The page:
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Or apartments, of some kind?  Seriously, I don’t see the issue. Americans don’t want to do these jobs.

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No, I don’t know what happened to the people who use to live in those apartments…I don’t know where they went.

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They probably went back to Oklahoma, or something.  It’s the natural order of things.

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Hey, have you been to the new Whole Foods 365 in Silver Lake?  Talk about abundance.  Unfortunately, there are really long lines…

Van Nuys or Venice, 1948

The Choice, in 1948

Pick your scenery, in 1948

What is more remarkable here, that Van Nuys was once priced higher than Venice? Or realtors once offered “clothes poles” as an amenity?

Or Venice was a choice at all?

In case you were wondering, $9350 in inflation adjusted dollars would be $91,921 today.

You could own a house, freshly constructed, near the ocean in California for $368.95 a month at todays wages.

As you may have already observed, the fates of Venice and Van Nuys, as neighborhoods, have diverged.  In Piketty-ish terms, the family which chose the smaller lot by the beach, as opposed to the larger one in the suburbs would have realized an exponential rise in capital over labor.

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Here’s 6817 Matilija today, courtesy of Google Streetview.      Houses on this block are listed at $500,000.  And they’re selling!  Madness, right?  Until you consider the alternative.

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Here’s a house in Venice on the same block of Greenwood as the ad, listed on Zillow at $1.2 million. Two bedrooms, one bath.

Almost makes one nostalgic for clothes drying on a line in the sun.

#BikeLivesMatter

They love Bernie in Venice

They love Bernie in Venice

In Seattle, not so much

In Seattle, not so much

Actually, that’s not exactly true. Bernie drew a big crowd, and then, in a remarkable act of self-abasement, relinquished the microphone to two women who stormed the podium. They demanded four and half minutes of silence and proceeded to lecture everyone, including the candidate, for their “white supremacist liberalism” and insufficient fealty to the Black Lives Matter agenda.

“Don’t ask questions!  We’re shutting it down! Let her speak NOW!”

As political performance art goes, it was a thing of beauty. Vermont folded its hand in under a minute.

After the rioting in Ferguson and Baltimore, the #BLM movement has alienated much of the country save two groups of people: the media, and a particular species of upper-middle class liberal who is as separated from inner city life as is culturally,  economically and geographically obtainable. In short, Bernie Sanders voters.   After this weekend, I’m not sure where this leaves them, in this the seventh year of the Obama presidency.

I have a pretty good idea where the media is leading the rest of us.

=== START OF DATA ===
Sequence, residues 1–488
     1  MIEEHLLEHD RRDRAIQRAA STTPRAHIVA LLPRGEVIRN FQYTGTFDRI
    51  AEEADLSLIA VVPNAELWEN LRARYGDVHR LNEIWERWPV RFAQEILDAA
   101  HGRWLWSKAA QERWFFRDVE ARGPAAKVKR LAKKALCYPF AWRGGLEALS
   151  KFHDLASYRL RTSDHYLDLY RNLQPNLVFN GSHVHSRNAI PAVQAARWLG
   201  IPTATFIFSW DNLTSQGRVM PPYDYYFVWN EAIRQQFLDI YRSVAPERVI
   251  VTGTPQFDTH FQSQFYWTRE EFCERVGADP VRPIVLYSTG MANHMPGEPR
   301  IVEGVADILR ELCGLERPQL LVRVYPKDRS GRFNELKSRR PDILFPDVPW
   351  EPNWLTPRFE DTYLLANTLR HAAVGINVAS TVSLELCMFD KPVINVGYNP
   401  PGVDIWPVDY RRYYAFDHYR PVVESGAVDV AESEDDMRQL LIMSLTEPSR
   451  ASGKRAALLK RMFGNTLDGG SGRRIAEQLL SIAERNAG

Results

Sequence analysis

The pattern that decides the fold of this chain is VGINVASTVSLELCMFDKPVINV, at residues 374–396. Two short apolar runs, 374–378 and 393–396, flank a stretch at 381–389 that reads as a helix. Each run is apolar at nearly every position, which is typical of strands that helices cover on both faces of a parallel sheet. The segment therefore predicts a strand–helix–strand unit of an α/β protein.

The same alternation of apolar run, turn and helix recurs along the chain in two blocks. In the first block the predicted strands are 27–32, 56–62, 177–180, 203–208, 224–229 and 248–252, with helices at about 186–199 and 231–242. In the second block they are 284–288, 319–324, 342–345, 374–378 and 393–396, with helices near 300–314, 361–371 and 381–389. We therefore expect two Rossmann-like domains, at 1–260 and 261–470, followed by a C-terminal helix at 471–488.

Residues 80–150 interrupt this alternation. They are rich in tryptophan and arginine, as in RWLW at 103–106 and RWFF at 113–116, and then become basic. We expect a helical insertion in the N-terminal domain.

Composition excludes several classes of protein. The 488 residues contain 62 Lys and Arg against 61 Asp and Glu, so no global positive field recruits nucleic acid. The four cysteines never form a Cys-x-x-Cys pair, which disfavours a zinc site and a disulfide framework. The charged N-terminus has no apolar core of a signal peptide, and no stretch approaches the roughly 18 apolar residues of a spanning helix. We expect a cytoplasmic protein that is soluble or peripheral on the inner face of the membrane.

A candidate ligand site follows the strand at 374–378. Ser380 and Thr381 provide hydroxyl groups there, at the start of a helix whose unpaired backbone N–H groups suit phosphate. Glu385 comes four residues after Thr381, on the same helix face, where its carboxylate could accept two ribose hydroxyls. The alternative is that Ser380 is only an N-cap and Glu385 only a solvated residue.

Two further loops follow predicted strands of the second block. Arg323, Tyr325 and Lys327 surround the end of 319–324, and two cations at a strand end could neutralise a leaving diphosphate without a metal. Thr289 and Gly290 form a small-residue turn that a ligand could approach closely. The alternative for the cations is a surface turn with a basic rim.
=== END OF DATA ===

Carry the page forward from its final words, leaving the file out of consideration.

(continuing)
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All this was on my mind at the Culver-to-Venice CicLAVia today, which was lovely and pleasant as always…but kind of, dare I say it,  lacking in local color.

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I didn’t see a lot of bikes like this one, from the Valley CicLAVia in March.   Nor many riders of the type who make bikes like this.

The Yeti Bike, winner of the UpintheValley Most Creative award

The Yeti Bike, winner of the UpintheValley Most Creative award

The crowd was rather….er, Bernie Sanders-ish.  White, prosperous and polite. If voting habits and campaign donations are fair proxy, blissfully indifferent to the political arson they’ve set in motion around the country.

A Walkable City

Between the bungalows

For a million five, you can walk home on this path…

...this could be your neighbor's dooryard

…and this could be your neighbor’s dooryard.

The once and future bungalow

Behold the once and future Venice bungalow

Ponder the class struggle

Ponder the class struggle

The abandoned churchyard

Consider the riddle of the abandoned churchyard…

The value of modernist sculpture

..and the wit of modernist sculpture…

$650 lawn chairs made from scrap lumber

….and the spectacle of $650 lawn chairs made from scrap lumber.

The mystery of cross neighborhood political theater

Indulge in obscure cross-neighborhood political resentment

“Is Santa Monica a parasite to Venice? Every minute southbound planes leaving Santa Monica Airport, turn left over our blocks. Northbound ones turn right over the ocean so as not to disturb the rich white people north of Montana.  Santa Monica benefits at our expense with preferential parking, dog park use, only citing non-SM bike riders.”

For $1.5 million, you can bitch about the truly advantaged folks next door in Santa Monica, living at your expense.

Or you can get back in your car after a wonderful afternoon under a darkling sky and return to Van Nuys, where tagging is tagging, alleys are for dumpsters, and nobody walks anywhere.